What is the most optimal administration route of bevacizumab after glaucoma filtration surgery in mice?

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Glaucoma filtration surgery (GFS) frequently leads to surgical failure due to excessive postoperative wound healing. The current study was designed to investigate the effect on postoperative scarring of a single subconjunctival (SC), intracameral (IC) or intravitreal (IV) injection of bevacizumab.


The effect of bevacizumab (AvastinTM, Genentech) was investigated in a model of GFS in C75Bl/6 mice. Immediately after surgery, mice were divided in 3 groups (n=10 per group) and received a SC, IC or IV injection. In all groups, one eye was injected with bevacizumab (1 μl; 25 μg) and the other eye was used as a control and received an injection of NaCl (1 μl; 0.9%). Treatment outcome was studied by clinical investigation of bleb area and bleb survival every other day. Mice were killed on postoperative day 14 and immunohistological analysis of angiogenesis and collagen deposition were performed.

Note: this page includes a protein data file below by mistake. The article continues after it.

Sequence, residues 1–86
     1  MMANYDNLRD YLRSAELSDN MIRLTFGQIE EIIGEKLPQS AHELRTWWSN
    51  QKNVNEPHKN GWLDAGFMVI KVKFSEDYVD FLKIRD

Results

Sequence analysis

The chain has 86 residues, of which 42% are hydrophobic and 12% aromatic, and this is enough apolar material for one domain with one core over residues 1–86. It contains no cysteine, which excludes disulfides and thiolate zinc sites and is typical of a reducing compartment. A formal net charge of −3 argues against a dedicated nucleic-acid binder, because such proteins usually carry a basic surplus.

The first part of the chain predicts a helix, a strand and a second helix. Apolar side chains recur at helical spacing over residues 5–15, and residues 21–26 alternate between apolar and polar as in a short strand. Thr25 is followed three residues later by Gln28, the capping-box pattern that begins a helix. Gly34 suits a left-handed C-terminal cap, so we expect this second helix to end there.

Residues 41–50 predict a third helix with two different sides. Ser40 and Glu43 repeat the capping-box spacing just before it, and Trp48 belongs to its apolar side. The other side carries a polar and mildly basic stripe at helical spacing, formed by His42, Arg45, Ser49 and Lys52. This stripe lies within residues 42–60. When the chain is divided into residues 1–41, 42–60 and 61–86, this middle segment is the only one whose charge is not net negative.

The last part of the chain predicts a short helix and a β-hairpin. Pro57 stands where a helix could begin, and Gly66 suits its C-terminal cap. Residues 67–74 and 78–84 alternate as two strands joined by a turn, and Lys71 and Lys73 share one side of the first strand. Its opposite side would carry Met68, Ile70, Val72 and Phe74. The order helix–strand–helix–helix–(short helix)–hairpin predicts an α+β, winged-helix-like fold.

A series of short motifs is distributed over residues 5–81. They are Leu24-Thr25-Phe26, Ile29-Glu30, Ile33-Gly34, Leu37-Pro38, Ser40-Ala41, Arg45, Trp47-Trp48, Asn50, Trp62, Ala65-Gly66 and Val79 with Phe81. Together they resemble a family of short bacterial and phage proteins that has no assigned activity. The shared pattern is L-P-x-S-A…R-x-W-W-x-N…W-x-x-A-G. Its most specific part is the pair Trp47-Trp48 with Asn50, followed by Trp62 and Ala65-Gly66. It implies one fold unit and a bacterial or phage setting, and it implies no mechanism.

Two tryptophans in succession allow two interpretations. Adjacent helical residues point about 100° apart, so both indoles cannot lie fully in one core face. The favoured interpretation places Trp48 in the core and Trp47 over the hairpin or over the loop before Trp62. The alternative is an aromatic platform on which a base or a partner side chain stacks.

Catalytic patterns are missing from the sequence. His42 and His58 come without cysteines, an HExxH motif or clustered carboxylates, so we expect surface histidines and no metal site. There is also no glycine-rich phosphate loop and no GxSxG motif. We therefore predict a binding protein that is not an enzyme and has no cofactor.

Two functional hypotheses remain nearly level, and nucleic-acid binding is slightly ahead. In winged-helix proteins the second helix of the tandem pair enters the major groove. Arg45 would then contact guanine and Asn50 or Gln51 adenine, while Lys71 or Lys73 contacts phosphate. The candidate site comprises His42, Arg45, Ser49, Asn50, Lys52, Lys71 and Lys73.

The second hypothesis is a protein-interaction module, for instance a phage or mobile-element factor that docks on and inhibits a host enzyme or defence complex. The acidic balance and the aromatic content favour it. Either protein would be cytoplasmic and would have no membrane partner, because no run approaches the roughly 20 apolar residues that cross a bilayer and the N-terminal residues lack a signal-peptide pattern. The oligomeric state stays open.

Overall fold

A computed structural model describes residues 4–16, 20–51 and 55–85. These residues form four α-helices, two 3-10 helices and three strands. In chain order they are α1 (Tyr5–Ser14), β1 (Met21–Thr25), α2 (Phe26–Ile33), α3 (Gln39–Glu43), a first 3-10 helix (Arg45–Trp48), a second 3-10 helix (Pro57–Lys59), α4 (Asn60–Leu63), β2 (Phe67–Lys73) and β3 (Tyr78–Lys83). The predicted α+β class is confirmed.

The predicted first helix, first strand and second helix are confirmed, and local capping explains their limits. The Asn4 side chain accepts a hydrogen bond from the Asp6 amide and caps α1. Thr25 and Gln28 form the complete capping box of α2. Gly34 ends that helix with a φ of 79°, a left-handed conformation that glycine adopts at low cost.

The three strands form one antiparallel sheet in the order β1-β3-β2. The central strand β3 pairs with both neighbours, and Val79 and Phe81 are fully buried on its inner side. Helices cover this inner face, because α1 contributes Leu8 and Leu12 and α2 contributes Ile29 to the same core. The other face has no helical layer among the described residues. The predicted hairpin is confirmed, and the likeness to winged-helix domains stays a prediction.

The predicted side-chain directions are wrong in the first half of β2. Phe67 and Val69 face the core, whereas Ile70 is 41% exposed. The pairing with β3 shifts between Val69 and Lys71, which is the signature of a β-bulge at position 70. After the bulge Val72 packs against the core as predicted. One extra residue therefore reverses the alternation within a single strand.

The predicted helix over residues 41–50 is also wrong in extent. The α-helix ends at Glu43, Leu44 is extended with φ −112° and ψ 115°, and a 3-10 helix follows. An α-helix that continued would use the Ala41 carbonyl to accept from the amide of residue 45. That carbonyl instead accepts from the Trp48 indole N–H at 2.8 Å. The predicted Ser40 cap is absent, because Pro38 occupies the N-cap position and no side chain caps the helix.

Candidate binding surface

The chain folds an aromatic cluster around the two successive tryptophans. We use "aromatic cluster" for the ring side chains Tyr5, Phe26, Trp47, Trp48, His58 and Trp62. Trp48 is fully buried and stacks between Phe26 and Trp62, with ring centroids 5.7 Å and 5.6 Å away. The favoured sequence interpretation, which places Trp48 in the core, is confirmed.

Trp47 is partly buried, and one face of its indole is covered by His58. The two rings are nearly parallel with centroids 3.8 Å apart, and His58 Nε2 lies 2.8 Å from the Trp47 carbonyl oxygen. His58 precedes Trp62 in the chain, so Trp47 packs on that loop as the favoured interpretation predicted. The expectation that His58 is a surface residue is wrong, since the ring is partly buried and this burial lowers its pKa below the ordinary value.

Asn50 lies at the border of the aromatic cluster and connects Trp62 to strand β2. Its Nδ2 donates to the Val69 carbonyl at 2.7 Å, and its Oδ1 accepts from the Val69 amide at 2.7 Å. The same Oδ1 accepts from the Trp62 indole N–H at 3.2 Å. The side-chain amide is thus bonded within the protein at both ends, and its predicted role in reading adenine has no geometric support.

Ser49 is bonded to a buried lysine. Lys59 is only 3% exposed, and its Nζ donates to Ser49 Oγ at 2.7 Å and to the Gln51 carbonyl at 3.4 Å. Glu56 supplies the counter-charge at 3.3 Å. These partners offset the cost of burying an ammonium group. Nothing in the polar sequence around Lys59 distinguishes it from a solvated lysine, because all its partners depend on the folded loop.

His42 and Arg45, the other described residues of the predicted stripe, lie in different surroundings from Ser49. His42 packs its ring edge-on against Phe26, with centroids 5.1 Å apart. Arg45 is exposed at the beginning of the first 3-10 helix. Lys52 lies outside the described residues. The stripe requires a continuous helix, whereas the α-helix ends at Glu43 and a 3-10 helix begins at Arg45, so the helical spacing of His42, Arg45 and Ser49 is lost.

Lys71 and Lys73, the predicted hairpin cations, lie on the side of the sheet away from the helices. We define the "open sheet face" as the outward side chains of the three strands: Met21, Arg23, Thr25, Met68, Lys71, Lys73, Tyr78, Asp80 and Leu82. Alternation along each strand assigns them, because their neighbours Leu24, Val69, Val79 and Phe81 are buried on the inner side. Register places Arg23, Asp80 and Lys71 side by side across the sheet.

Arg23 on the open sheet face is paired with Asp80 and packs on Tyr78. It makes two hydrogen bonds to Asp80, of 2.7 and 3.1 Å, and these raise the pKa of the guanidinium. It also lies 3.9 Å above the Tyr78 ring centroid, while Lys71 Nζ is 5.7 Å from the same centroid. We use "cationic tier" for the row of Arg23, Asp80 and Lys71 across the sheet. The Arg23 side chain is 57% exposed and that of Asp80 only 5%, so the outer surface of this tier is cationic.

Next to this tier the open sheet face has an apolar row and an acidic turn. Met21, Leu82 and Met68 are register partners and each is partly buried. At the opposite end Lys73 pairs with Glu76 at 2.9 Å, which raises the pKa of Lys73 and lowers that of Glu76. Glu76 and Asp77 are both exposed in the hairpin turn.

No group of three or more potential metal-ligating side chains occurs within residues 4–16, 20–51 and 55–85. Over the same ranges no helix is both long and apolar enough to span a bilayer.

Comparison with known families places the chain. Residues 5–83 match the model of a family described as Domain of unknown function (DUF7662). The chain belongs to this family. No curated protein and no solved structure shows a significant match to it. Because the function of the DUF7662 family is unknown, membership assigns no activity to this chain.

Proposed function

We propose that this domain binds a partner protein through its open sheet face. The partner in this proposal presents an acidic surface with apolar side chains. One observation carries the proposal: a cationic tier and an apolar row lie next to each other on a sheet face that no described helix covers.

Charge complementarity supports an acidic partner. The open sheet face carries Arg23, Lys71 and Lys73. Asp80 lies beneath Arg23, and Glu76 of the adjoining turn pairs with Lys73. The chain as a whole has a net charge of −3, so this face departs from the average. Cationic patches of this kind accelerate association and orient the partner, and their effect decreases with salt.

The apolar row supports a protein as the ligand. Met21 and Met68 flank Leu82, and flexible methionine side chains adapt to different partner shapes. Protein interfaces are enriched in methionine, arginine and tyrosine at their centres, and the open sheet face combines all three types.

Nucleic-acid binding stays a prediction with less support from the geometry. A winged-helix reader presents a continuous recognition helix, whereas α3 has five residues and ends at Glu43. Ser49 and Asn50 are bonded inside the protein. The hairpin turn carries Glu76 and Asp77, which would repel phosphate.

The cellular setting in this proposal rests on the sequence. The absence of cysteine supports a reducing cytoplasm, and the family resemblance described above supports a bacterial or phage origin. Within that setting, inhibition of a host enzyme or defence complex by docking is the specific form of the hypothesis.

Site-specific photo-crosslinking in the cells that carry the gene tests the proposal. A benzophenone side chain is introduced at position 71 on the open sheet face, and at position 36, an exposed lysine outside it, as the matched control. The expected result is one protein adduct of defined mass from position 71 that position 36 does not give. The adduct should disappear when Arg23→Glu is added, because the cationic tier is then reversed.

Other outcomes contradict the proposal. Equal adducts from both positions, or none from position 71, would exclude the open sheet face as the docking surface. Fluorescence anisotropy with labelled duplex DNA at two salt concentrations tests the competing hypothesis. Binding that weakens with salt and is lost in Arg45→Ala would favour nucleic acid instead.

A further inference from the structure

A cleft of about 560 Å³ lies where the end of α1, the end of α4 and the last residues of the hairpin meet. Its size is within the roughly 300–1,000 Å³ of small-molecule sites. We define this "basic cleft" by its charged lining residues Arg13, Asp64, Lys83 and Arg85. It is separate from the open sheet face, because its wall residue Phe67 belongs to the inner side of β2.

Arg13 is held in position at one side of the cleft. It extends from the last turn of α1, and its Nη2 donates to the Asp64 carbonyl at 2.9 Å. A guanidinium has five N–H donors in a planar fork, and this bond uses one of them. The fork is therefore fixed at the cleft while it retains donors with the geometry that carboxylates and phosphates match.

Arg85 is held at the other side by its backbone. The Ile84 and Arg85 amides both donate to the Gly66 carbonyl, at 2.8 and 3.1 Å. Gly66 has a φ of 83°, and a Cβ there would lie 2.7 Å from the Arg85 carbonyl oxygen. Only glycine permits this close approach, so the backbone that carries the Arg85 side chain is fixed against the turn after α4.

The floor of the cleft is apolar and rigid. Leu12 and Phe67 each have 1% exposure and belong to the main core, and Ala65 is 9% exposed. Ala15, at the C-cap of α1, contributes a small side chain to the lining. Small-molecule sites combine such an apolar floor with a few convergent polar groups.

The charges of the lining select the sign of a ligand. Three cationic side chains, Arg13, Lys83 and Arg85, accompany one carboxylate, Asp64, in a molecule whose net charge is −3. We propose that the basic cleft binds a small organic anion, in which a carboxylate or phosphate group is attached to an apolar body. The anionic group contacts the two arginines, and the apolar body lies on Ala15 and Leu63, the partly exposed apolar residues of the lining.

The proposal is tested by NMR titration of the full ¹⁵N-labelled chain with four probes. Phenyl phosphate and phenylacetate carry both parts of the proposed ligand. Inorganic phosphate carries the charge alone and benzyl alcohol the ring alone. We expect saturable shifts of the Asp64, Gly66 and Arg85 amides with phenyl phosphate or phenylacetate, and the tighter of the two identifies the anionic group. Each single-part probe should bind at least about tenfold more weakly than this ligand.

In the mouse model of GFS, treatment using a SC, IC, IV injection of bevacizumab significantly improved surgical outcome by increasing bleb area with 53%; with 45% and with 49%, respectively, compared to negative control. Bleb survival significantly improved only after SC injection with 37,5%. In all groups, blood vessel density was significantly reduced after bevacizumab treatment with 36%; with 31% and with 34%, respectively. All administration routes of bevacizumab significantly diminished collagen deposition with 27%, compared to negative control.


This study shows that a subconjunctival injection of bevacizumab had the largest effect on surgical outcome compared to intracameral and intravitreal injection.

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